Introduction to Solidity

What is Solidity?

Solidity is a high-level programming language that is used to create and implement smart contracts in Ethereum. The smart contracts created using Solidity can be used for financial transactions, crowdfunding, voting, intelligent supply chain management, improvement of  IoT workflow, ride sharing automation, smart city administration and more.

It has Python, C++ and JavaScript influences and is used for Ethereum Virtual Machine ( EVM ). As a result, it is fairly convenient and easy to grasp for those that are already familiar with the Python, C++ or JavaScript.

The IDE for Developing Smart Contracts

The best tool to write, compile, test and deploy smart contracts is  Remix.  Remix is a browser-based IDE that provides an inbuilt compiler as a well as runtime environment without server-side components.

We can also use other code editors for Solidity. I suggest we use Visual Studio Code or Solidity Plugin for Visual Studio. For the Solidity plugin, you need to download it from
Besides that, you need to install Visual Studio 2015.

Writing Your First Smart Contract in Solidity

A smart contract is a data, that can be referred to as its state, and code, which can be referred to as its functions, collection, that resides on a specific address in the Ethereum blockchain.

The first line of the smart contract is always 

pragma solidity ^0.4.24;

pragma is a keyword which is used to instruct the compiler how the source code should be treated. In this example, the pragma specified that the source code is written for the Solidity Library version 0.4.24

To define a contract, we use the statement

contract contractName {


You can use any name for the contract, but any meaningful name will be better. For example

Contract  NewCoin{


indicates that you intend to create a contract for a new cryptocurrency.

Assigning variables

Next, we would like to introduce some variables into the contract. First of all, let’s assign some string variables and some integer variables.

To assign a string variable, the syntax is

string myName;

In Solidity, there are two types of integers, the signed integer and the unsigned integer.

A signed integer means it can store positive or negative values while an unsigned integer can only store positive values.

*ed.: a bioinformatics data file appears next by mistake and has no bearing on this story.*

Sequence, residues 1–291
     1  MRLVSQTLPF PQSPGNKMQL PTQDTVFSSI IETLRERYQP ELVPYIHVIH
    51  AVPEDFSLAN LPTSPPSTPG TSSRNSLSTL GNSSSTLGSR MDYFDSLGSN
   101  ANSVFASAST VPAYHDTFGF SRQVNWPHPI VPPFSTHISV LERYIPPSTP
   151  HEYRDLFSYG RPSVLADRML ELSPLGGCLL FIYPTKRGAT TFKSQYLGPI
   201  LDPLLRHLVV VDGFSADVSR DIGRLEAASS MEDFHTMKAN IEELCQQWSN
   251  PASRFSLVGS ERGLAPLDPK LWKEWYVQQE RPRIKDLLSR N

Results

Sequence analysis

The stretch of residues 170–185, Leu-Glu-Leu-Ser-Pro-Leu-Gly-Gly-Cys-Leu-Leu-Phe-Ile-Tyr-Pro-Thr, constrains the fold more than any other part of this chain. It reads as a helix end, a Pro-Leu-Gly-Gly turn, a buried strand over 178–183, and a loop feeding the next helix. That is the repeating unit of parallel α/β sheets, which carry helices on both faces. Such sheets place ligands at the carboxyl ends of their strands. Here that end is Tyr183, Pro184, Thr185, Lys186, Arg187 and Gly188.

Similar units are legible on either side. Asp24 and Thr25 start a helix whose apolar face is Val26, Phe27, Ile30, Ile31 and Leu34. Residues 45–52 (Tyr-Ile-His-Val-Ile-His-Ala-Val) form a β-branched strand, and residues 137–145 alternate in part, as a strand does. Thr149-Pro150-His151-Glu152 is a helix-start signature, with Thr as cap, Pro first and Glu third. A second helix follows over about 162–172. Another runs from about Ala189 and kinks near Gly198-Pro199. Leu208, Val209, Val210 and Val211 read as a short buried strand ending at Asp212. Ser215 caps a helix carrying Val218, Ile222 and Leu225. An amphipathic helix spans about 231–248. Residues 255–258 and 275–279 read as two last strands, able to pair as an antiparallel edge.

To specify that it will be an unsigned integer, we use the keyword uint before the name of the new variable.

To assign an unsigned integer, the syntax is as follows;

uint MyAge;

Access Modifier

You may want to add the access modifier(or visibility modifier) private or public to the variable. Most programming languages put access modifier in front of the datatype  specifier like private string name but in Solidity, we put access modifier between datatype specifier and the variable name, as follows:

string private myName; 
String public myName
uint private MyAge;
uint public  MyAge;

Writing the Smart Contract Code

Now launch Remix IDE. Create your first smart contract by clicking on the little + button on the far left corner of the Remix IDE.  A new dialog will appear and you can create a new Solidity file.

After creating the new file, a new window will appear on a new tab displaying your new file. The file will also be show on the left pane of the IDE under the browser.

Now, let’s create a new contract by entering the following code into the Remix IDE.

pragma solidity ^0.4.24;

contract myContract {
    string private name;
    uint private age;

The first line inside the contract itself declares a string name and an unsigned integer variable called age.

We have already created a simple smart contract though it does not do anything yet. You can compile and deploy it if you want to.

Now let’s add some functions to the smart contract

pragma solidity ^0.4.24;

contract myContract {
    string private name;
    uint private age;
 function setName(string newName) public{
    name = newName;

  function getName() public view returns (string){ 
    return name; 
  function setAge(uint newAge) public{
  function getAge() public view returns (uint){ 
      return age;

We create the function setName to allow the user inputs a string value. Set the modifier to public as we want to permit everyone to see it. Otherwise, when you deploy the contract you will not be able to view the function on the Remix IDE.

To return the value of name entered by a user, we create the function getName

The view keyword in public view returns is  the replacement for constant. It indicates that the function will not alter the storage state in any way.

Next, we create the function setAge by declaring  a parameter newAge as an unsigned integer. The setAge function will allow the user input an integer value when you deploy the contract.

To return the value of age entered by the user,  we create the function getAge

Now compile and deploy the Remix IDE, the output is shown in the following figure:

Deployed Contract

When you deploy the contract, a transaction is executed from your wallet address to the contract. A gas fee is charged in the process. You can view the transaction on Etherscan, as shown below:

When you click on the setName function, a transaction will also occur. You need to wait for the transaction to complete before you click on the getName function. You can see that whatever you entered in the setName box will appear on the getName box. You can do the same for the setAge and getAge functions.

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